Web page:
Jewish National People's Party

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Jewish National People's Party

The Jewish National People's Party was a regional Jewish political party founded in 1906 in the Bukovina Austrian crown land by Benno Straucher, elected at the Austrian Parliament's Abgeordnetenhaus for the (Austrian) Jewish National Party since 1897. The party remained active in interwar Romania.[1]

Under the Austrian-Hungarian Empire[edit]

Elections to the Austrian House of Representatives[edit]

Benno Straucher was first defeated at the Austrian House of Representatives elections in 1891 against incumbent (since 1879) Heinrich Wagner. He was more successful at the next elections in 1897 against Anton Kochanowski, the mayor of Chernivtsi, and at the following elections in 1900 he was reelected with the support of the Zionists, who chose not to present a candidate from their ranks. He was again reelected in 1911.[2]

Elections to the Regional Parliament of Bukovina[edit]

Following the 1911 Regional Parliament election, 8 out of 10 Jewish legislators were affiliated to the Jewish National People's Party: Josef Blum, Jancu Fischer, Jakob Hecht, Dr. Isidor Katz, Salomon Rudich, Dr. Benno Straucher, Dr. Salo Weisselberger and Dr. Neumann Wender.[2]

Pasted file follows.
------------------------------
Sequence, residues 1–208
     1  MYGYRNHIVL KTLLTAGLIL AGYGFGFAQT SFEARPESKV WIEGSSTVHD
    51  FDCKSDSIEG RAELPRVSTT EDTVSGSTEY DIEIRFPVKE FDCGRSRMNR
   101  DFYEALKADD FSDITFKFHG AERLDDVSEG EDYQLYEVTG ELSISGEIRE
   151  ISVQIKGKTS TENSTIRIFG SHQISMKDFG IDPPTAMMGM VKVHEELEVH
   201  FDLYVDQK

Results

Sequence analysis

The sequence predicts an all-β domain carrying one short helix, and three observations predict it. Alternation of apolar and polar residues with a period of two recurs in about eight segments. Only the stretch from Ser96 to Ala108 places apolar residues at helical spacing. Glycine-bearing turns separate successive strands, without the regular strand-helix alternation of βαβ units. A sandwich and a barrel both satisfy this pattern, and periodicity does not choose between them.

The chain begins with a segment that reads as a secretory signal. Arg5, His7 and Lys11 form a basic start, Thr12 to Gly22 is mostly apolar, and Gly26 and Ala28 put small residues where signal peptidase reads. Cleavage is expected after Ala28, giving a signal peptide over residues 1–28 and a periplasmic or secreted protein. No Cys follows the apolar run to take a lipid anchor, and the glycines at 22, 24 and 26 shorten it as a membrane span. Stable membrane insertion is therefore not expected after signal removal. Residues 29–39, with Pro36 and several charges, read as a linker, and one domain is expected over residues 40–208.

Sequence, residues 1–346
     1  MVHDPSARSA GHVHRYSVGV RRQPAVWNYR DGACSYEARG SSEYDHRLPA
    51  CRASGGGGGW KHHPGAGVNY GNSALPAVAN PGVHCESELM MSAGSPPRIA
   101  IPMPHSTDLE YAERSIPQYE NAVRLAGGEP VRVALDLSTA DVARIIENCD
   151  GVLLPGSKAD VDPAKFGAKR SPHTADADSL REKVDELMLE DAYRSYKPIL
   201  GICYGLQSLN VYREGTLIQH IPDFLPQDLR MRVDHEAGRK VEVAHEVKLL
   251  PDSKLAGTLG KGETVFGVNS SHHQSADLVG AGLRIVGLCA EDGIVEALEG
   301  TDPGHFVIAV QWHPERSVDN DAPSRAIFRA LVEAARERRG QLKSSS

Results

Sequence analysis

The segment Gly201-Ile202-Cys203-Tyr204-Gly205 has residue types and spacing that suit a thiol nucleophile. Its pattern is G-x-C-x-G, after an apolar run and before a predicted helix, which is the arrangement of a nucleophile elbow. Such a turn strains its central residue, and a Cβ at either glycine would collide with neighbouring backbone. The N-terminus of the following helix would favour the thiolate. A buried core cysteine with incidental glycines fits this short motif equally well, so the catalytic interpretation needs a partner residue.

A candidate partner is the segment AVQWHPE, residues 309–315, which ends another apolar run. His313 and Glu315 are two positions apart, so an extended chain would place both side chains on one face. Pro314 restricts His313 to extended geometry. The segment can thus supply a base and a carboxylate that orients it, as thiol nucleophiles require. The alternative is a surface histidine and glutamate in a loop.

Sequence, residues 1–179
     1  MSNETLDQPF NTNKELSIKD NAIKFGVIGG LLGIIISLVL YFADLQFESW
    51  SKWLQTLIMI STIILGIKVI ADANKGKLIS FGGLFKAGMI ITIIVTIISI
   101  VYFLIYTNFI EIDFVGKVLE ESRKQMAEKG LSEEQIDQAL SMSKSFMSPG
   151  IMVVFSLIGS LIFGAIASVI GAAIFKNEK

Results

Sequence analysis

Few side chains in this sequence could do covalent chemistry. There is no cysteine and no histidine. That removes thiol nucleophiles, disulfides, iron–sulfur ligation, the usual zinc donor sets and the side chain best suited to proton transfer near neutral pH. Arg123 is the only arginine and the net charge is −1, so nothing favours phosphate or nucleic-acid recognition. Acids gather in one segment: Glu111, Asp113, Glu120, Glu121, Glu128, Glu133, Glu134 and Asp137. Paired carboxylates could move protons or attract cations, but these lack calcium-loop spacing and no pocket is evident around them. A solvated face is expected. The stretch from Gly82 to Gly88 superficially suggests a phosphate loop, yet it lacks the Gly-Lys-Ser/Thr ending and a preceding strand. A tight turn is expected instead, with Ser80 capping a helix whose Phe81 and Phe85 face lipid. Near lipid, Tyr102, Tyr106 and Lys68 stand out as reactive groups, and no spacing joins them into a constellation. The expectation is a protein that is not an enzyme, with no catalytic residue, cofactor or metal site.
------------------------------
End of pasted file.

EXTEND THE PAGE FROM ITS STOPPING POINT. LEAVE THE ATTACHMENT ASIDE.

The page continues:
Elections to the city council of Chernivitsi[edit]

The “Straucher's list” won 20 of the 50 city council seats in 1905, one of Straucher's fellow party members, Dr. Eduard Reiss became mayor of Chernivtsi from 1905 to 1908.[2]

Under the Kingdom of Romania[edit]

Benno Straucher was elected to the Romanian Chamber of Deputies in 1920 and 1922. The Jewish National People's Party allied itself with the Union of Romanian Jews for the 1927 elections and Dr. Straucher was again elected from the list of the National Liberal Party. He was defeated at the 1934 elections by another Jewish candidate from the same party.[1]

Notes and references[edit]

  1. ^ a b Dr. Chaim Ehrlich, About the Characteristics of the Zionist Movement in Bukovina Between the Two World Wars (Sidelights), in: Hugo Gold (ed.), History of the Jews in the Bukowina, Tel Aviv, Volume 2 (1962)
  2. ^ a b c Dr. N. M. Gelber, History of the Jews in the Bukowina (1774-1914), in: Hugo Gold (ed.), History of the Jews in the Bukowina, Tel Aviv, Volume 1 (1958)